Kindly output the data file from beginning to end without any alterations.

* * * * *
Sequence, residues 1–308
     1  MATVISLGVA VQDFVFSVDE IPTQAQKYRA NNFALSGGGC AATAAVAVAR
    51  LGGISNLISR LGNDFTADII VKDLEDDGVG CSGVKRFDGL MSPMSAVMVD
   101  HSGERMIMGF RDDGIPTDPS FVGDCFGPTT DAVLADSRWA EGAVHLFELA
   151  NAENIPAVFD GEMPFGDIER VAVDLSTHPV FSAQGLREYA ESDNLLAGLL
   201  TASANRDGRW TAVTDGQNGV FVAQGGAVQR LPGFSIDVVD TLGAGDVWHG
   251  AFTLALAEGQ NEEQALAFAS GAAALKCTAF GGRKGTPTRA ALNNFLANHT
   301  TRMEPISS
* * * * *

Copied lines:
Sequence, residues 1–308
     1  MATVISLGVA VQDFVFSVDE IPTQAQKYRA NNFALSGGGC AATAAVAVAR
    51  LGGISNLISR LGNDFTADII VKDLEDDGVG CSGVKRFDGL MSPMSAVMVD
   101  HSGERMIMGF RDDGIPTDPS FVGDCFGPTT DAVLADSRWA EGAVHLFELA
   151  NAENIPAVFD GEMPFGDIER VAVDLSTHPV FSAQGLREYA ESDNLLAGLL
   201  TASANRDGRW TAVTDGQNGV FVAQGGAVQR LPGFSIDVVD TLGAGDVWHG
   251  AFTLALAEGQ NEEQALAFAS GAAALKCTAF GGRKGTPTRA ALNNFLANHT
   301  TRMEPISS